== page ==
So to your first question, I think you’re right. That policymakers should really define the guardrails, but I don’t think they should for everything. I think we have to choose those areas that are more sensitive. The EU has classified them as high risk. And maybe we could get out of that, some models to help us think about what’s high risk and where we should be spending more time and, potentially, policy makers, where should we be spending time together?
I’m a big fan of regulatory sandboxes in terms of co-design and feedback co-evolution. Uh, I have an article coming out in an Oxford University Press book about an incentive-based grading system that I might talk about in a moment. But I also think that on the flip side, you all have to consider your reputational risk.
As we move towards a much more digitally advanced society, it is also incumbent upon developers to do their due diligence. You can’t afford as a company to go out and put an algorithm that you think, or an autonomous system that you think is the best idea, and then land on the front page of the newspaper. Because what it does is it degrades your consumers’ trustworthiness of your product.
And so what I’m saying, you know, on both sides is that I think it’s worth having a conversation where we have certain guardrails in terms of facial recognition technology, because we don’t have the technical accuracy when it’s applied to all populations . When it comes to disparate impacts on financial products and services. There are great models that I’ve found in my work, in the banking industry, where they really have triggers because they have regulatory bodies that help them understand which proxies really have a disparate impact. . There are areas where we’ve just seen this right in the housing and appraisal market, where artificial intelligence is being used to, um, replace subjective decision-making, but contributing more to the kind of discrimination and predatory assessments we see. There are certain cases where we need policymakers to impose barriers, but more so that we be proactive. I tell policy makers all the time that you can’t blame data scientists. If the data is horrible.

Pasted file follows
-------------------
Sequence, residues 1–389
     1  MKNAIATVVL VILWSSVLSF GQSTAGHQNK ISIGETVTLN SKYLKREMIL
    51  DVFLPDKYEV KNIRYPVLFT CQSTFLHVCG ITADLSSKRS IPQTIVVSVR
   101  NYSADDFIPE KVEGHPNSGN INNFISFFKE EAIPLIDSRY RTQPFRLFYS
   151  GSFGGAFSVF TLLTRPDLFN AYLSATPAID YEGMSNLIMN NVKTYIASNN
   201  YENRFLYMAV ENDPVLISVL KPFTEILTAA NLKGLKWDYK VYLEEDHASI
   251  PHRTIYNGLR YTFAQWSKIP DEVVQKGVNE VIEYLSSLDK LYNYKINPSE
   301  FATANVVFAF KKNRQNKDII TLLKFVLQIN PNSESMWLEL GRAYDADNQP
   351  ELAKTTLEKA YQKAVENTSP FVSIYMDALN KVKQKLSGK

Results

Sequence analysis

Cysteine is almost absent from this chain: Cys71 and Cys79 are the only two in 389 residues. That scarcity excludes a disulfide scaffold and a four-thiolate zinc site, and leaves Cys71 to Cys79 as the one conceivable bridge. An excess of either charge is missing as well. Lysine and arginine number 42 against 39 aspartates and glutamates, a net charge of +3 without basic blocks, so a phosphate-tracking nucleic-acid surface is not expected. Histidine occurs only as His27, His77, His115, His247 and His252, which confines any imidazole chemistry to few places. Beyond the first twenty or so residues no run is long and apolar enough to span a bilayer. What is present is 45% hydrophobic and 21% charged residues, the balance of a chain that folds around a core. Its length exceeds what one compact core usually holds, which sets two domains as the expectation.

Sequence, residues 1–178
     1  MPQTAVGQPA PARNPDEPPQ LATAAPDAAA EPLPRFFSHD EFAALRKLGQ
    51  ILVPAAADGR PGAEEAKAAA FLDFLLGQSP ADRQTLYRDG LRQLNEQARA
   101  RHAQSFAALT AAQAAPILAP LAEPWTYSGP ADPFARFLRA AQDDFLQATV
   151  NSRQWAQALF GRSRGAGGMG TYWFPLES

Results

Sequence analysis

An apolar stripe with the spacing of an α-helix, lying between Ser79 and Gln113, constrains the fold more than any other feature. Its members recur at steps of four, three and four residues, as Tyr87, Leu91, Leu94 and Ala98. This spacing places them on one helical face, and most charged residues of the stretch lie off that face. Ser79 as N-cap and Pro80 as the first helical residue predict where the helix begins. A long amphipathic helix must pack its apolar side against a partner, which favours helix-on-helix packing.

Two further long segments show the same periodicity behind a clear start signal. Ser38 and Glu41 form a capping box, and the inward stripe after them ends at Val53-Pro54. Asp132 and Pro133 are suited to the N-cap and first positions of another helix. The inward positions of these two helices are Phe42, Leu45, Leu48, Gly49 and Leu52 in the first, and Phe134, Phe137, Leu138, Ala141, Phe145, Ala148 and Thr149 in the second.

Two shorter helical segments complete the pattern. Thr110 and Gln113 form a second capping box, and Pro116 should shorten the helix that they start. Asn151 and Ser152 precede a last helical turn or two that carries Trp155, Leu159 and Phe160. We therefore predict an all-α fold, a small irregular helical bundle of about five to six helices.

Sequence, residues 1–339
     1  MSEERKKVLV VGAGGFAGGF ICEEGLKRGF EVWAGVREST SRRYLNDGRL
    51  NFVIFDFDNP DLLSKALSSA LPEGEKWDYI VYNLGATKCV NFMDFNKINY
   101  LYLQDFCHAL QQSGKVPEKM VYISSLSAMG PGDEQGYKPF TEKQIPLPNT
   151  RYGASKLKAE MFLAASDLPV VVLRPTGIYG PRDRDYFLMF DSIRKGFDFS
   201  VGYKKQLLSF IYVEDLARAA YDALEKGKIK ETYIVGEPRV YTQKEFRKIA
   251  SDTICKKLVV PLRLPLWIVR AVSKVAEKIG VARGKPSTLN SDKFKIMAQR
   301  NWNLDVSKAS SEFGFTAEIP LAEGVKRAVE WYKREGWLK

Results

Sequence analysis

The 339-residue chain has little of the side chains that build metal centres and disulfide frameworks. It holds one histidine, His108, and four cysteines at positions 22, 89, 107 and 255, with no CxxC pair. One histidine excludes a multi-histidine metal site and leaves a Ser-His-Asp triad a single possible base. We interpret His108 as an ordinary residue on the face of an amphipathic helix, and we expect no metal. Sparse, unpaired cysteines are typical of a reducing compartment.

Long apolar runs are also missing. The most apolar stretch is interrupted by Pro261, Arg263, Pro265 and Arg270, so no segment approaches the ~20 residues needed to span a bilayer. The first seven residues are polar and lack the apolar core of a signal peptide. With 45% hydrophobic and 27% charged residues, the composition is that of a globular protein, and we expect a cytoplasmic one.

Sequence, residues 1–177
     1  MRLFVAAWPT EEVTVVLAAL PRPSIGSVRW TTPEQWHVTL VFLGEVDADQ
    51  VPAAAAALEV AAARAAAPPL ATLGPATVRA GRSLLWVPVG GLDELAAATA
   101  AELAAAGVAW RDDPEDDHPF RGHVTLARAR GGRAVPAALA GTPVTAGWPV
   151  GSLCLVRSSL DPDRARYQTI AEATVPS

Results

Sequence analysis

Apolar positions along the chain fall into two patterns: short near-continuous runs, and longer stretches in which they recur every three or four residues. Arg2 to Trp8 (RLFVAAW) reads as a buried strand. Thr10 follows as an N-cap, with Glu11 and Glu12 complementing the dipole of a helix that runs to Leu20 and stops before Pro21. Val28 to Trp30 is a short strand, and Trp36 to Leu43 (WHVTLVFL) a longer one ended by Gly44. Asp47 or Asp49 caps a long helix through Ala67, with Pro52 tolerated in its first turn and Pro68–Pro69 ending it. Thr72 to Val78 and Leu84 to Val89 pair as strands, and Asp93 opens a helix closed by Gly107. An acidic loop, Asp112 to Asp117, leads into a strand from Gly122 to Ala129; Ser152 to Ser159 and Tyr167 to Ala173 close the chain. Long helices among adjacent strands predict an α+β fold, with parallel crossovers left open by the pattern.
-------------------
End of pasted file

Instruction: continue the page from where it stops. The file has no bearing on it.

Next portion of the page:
Anthony Green: right
Nicol Turner Lee: Put more money into R&D. Help us build better datasets that are over-represented in certain areas or under-represented in terms of minority populations. The most important thing is that you have to work together. I don’t think we’re going to have a good win-win solution if policy makers are really, you know, leading this or data scientists are leading it themselves in certain areas. I think you really need people working together and collaborating on what those principles are. We create these models. Computers don’t. We know what we are doing with these models when we create algorithms or autonomous systems or ad targeting. We know! In this room, we can’t sit and say, we don’t understand why we use these technologies. We know this because they actually have a precedent of how they have expanded into our society, but we need some accountability. And that’s really what I’m trying to get at. Who makes us responsible for these systems we are creating?
It’s very interesting, Anthony, these past few weeks as many of us have seen the, uh, conflict in Ukraine. My daughter, because I have a 15-year-old, has come to me with a variety of TikToks and other things she’s seen to say, “Hey mom, do you know this is happening?” And I’ve had to pull myself back because I’ve gotten really involved in the conversation, unknowingly somehow, once I go down that road with her. I keep getting deeper and deeper into this well.
Anthony Green: Yes.